In 1944, Borlaug toiled to assist struggling Mexican farmers and scientists to increase productivity. A project was created by the U.S. government in response to a feat that increased was created by the U.S. government, which feared increasing civil unrest from its southern neighbor. The Rockefeller Foundation provided support to this program to improve the lives of poor farmers and create better relationships between them and the government.  

Borlaug was one of four scientists commissioned and was tasked solely with studying Stem Rust, a kind of fungus found in wheat, the same disease that once depleted his family’s farm. He worked tirelessly, using a shuttle breeding method, growing between Sonora, Mexico, where wheat would grow in the winter, and central Mexico in the summer.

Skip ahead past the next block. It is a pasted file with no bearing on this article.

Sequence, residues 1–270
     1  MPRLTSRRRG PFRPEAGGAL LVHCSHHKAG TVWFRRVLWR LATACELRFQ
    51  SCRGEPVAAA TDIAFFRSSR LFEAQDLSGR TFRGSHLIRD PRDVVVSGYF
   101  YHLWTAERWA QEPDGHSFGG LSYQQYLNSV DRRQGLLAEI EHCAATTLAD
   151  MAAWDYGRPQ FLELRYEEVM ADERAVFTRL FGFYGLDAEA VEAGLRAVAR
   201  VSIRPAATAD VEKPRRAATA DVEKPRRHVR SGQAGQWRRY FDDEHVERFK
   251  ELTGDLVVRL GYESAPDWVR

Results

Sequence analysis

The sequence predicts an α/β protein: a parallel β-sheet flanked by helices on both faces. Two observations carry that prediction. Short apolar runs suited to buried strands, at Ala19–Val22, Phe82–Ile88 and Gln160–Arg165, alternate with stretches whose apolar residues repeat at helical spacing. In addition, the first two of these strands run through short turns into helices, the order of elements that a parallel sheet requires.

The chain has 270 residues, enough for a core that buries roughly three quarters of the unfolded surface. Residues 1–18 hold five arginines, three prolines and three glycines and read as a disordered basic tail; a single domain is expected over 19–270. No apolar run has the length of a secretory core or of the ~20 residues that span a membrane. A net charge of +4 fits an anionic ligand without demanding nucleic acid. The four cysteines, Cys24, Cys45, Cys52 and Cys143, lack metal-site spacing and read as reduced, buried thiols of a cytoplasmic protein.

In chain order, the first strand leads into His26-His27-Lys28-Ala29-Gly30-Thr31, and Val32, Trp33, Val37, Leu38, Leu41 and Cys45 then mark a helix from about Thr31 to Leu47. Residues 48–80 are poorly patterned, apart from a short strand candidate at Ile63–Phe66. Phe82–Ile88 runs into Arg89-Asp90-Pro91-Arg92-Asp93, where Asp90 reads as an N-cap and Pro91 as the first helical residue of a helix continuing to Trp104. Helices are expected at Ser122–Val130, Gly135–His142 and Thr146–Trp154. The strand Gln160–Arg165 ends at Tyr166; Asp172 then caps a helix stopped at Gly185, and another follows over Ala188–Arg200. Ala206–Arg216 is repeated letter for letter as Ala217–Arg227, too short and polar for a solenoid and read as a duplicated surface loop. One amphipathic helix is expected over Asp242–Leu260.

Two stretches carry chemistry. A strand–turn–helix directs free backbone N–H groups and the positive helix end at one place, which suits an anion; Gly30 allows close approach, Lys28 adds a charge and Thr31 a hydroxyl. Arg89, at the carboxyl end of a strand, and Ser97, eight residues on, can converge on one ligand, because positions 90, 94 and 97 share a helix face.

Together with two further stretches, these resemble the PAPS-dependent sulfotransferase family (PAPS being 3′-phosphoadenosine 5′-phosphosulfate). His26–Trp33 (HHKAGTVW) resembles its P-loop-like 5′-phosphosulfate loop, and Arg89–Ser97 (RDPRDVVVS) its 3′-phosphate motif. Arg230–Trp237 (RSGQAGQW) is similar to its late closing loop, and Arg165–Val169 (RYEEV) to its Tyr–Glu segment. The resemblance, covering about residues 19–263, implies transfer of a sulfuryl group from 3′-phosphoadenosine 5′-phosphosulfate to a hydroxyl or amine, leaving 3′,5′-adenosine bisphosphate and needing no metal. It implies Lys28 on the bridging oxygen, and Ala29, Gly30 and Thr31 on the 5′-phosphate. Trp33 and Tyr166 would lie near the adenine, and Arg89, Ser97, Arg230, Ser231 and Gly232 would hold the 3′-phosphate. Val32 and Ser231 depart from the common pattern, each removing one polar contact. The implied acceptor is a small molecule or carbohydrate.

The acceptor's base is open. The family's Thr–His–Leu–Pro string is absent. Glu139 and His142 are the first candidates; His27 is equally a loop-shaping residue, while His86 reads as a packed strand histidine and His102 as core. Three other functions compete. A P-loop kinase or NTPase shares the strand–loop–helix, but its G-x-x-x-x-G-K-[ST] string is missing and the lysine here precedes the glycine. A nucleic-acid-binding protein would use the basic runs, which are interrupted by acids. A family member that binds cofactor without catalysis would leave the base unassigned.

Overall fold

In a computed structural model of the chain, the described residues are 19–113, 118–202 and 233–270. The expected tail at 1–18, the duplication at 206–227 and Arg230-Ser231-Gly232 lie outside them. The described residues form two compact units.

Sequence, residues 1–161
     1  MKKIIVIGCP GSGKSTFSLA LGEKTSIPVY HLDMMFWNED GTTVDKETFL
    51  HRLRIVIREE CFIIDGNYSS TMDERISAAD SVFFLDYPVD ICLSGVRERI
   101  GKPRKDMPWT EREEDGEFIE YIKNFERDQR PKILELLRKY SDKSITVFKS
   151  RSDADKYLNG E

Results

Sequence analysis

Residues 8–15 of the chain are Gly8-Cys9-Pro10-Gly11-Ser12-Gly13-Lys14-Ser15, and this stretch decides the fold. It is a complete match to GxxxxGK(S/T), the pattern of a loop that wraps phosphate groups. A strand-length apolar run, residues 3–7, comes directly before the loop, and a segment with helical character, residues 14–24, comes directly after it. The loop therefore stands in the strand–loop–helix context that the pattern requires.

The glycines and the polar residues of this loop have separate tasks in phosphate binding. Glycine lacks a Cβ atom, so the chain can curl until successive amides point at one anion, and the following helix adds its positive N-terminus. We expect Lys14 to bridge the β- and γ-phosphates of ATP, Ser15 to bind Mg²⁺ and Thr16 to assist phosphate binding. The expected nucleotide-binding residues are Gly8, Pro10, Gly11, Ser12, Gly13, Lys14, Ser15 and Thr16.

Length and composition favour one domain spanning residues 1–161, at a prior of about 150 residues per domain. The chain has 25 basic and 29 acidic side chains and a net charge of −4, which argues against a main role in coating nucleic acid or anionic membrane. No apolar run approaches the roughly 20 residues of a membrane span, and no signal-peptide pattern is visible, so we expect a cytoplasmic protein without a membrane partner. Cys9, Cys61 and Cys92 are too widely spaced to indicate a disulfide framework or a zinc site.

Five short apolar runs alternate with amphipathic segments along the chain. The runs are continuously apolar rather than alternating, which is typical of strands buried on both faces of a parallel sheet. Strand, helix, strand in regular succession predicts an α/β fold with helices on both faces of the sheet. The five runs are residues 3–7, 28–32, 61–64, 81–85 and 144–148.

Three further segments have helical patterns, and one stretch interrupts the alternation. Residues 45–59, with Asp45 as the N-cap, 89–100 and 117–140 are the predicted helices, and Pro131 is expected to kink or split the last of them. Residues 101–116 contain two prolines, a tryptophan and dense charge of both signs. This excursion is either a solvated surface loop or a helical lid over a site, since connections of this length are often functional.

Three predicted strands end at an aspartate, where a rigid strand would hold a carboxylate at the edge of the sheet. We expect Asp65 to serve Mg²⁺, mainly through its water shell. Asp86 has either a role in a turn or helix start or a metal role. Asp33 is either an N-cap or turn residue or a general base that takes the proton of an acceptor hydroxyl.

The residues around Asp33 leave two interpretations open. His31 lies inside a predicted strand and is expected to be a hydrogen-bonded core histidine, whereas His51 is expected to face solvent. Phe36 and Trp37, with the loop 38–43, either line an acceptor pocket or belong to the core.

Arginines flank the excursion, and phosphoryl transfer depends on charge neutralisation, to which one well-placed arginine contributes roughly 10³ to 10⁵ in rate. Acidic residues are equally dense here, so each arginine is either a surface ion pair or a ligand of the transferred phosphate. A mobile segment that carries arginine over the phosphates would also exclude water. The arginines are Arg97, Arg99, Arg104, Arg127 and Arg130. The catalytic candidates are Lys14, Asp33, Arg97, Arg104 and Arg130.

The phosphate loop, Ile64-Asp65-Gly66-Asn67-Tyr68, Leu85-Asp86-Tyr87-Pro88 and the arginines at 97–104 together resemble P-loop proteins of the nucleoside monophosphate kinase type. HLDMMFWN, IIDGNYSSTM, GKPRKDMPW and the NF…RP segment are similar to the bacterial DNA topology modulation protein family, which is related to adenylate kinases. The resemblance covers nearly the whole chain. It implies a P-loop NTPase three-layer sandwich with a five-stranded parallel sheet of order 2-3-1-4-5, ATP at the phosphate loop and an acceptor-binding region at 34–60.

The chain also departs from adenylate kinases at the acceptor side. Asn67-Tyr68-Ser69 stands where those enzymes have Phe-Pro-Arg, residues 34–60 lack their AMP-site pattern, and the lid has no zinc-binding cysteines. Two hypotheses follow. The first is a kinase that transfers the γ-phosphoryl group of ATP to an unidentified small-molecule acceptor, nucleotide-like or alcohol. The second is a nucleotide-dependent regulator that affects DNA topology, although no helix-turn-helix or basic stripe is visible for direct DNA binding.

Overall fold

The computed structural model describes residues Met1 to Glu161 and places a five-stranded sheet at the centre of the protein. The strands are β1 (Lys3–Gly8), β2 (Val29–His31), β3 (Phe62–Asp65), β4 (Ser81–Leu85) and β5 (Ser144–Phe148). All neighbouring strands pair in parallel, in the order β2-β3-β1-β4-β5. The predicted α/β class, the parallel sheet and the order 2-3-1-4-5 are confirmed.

But Borlaug’s boss decimated his support, telling him to stop. Yet he continued, motivated by his drive to ensure that poor families would be fed. It took years, but he eventually succeeded in breeding a strain of wheat that was able to resist Stem Rust and produce high yields.

The downside was that his variety of wheat required large quantities of water and fertilizer, which hurt poorer farmers with its high cost. And in turn, it required a smaller workforce, putting some of the population he had been tasked to help out of business, displacing them to urban areas.

Leaders at  the Rockefeller Foundation took notice of Borlaug’s work and wanted to use it as a way for the United States to curtail the spread of communism. They believed that providing food stability to “discontented peasants” would lead them toward democracy. The result was Borlaug’s creation of Dwarf Wheat, which proved to be a godsend at the time.